Am I actually an introvert?

When I was a college freshman at K-State, I took Intro to Leadership Studies. I can’t remember why I took it. I think it was part of my scholarship requirements. I was briefly interested in pursuing the leadership minor, but other courses got in the way. Anyway…as part of the course, we took the Myers-Briggs Personality Test (MBTI). Not an online one, but the actual paper-and-pencil fill-in-the-bubble test that you have to wait for the results in the mail. I remember the professor being very adamant that we needed to think seriously about our answers and not answer with how we want people to see us. We needed to be honest with ourselves about our responses. That’s a lot to ask of a room full of 18 and 19 year olds.

When I look back on those instructions from the professor, I realize I was full of baloney. I definitely did not answer those questions with how I truly felt about myself and my interactions with other humans. But I know I wasn’t fully aware that’s what I was doing. I realize now that I was masking my neurodivergence…my ADHD, my social anxiety, my sensory issues. To hide the true way that my brain functioned, I acted like an outgoing, confident, smart young woman ready to take on the world. Inside, I was insecure, lost, and always anxious.

As a college freshman, I tested as an ENTP. This personality is what calls The Debater. At the time, it made sense. That’s how I wanted to be perceived. When I take any of the online versions of the MBTI now, I test as a INTJ or The Architect. This makes a lot more sense with how my adult life has progressed and with the discoveries I have made about my mental health.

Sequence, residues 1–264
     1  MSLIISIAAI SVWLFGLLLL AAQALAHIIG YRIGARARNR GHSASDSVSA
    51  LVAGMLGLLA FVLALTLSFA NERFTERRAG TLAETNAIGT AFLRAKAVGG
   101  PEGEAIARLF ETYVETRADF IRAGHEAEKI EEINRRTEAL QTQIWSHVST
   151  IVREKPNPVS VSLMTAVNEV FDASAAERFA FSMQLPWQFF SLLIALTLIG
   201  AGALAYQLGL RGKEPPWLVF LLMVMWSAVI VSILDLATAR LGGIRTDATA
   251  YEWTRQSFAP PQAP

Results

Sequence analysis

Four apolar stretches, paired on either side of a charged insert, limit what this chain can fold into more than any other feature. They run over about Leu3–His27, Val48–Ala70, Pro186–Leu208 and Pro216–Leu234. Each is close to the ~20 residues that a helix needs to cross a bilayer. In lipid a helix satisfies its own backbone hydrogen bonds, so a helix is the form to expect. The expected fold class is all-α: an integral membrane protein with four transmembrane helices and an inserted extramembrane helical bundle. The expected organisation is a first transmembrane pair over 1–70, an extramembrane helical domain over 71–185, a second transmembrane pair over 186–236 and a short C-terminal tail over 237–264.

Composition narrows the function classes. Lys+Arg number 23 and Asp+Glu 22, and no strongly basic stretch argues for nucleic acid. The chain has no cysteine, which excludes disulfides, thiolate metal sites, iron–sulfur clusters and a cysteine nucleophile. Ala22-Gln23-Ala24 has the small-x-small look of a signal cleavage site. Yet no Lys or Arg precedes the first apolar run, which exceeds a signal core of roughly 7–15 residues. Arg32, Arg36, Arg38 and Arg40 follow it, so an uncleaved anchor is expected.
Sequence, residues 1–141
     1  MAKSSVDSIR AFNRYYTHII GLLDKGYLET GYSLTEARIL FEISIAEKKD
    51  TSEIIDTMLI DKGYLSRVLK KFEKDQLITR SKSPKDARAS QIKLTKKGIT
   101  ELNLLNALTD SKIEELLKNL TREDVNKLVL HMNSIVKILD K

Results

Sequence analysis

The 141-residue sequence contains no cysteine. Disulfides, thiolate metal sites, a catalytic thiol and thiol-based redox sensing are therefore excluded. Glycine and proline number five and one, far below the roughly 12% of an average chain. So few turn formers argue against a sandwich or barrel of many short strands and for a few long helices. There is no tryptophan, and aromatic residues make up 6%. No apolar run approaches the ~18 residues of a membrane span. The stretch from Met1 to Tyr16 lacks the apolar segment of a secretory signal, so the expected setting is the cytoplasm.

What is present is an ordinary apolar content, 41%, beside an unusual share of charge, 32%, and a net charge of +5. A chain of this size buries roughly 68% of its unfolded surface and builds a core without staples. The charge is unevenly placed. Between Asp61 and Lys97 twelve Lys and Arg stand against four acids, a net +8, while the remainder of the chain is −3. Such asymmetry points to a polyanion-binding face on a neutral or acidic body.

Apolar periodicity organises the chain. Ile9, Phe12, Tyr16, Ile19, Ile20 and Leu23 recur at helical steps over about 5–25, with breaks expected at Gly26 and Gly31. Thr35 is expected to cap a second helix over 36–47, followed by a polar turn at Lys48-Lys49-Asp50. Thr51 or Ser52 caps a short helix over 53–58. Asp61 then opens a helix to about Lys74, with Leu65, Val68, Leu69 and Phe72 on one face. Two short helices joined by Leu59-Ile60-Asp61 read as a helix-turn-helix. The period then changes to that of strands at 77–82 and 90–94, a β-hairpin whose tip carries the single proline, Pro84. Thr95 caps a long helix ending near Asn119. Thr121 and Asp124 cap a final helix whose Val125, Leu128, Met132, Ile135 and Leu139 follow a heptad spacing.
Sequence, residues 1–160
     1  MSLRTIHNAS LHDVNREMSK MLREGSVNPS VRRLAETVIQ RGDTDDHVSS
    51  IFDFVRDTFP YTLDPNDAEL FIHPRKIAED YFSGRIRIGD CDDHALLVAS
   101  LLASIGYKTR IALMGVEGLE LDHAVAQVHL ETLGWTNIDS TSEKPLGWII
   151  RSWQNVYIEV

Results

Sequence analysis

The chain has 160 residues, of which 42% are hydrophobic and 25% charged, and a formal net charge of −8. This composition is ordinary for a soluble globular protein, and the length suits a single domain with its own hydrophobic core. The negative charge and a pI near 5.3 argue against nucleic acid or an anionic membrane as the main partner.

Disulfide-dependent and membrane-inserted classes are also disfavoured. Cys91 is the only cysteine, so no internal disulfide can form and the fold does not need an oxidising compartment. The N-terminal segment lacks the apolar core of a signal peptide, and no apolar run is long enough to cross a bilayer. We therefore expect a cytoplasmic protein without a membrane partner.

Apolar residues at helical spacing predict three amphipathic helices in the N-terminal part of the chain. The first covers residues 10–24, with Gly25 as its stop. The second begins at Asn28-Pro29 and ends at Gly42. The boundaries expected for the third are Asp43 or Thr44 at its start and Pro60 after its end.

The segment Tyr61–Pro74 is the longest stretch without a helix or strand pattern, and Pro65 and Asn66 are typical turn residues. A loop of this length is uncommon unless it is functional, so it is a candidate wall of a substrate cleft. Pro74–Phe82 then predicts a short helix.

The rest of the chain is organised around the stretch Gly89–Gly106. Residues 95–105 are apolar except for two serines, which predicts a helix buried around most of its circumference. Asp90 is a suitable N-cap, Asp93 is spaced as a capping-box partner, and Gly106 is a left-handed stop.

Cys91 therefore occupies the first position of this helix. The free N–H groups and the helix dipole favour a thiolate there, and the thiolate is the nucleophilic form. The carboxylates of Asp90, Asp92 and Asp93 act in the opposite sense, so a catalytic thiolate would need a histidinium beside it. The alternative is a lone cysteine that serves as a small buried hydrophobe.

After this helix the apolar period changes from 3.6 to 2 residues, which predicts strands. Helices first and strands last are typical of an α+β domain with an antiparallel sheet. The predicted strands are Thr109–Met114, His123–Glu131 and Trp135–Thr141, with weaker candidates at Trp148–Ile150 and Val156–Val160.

Am I really an introvert that has been masking as an extrovert most of my life? I have often referred to myself as an ambivert since I tend to share traits from both types.

It’s incredibly unnerving, but at the same time, enlightening to realize these things about myself at the age of 39. I suppose that’s why I feel such a sense of hope for 2023. I am finally coming out of my shell and embracing my “oddness” rather than try to hide it or avoid it. Or argue with my family members when they point out how “weird” I am.

I’m not weird…I’m not odd…I’m neurodivergent. And it may be corny to say, but I do think my neurodivergence is one of my superpowers.

Identity Crisis

For nearly two months now I have been brainstorming how to rebrand my blog/social media identity online. NeonRunnerGirl has worked for so many years, but now I feel like it’s not as relevant and not really what I want to focus on with my blog writing.

Of course, being neurodivergent has made this task extra challenging. I spend waste large chunks of time checking different username configurations. At a minimum, I’d like to have twitter, instagram, and a .com URL. This is proving to be a stumbling block in 2022. Lots of usernames are already taken, even if they aren’t being actively used.I have a long list of buzz words that I would like to use in some combination. And so far, I’ve come up empty on a final idea. I even recruited my husband and oldest son to help me. They both helped me add a few more ideas to the list, but I’m still stuck. And as of now, I’m still NeonRunnerGirl.

This identity crisis I find myself in the middle of has two parts. One part is attached to my lack of motivation for running. While running will always be a huge part of my adult transformation, I just feel like it’s not the foreground of who I am. Being a runner isn’t the first thing I want the online community to see about me.

The other part of the identity crisis is that I am going through the typical (such a funny word for me to use right now) unmasking following a late stage (or adult) ADHD diagnosis. So many parentheses. But then my mind often works in parenthetical thoughts. Tangets! Squirrel!

More later.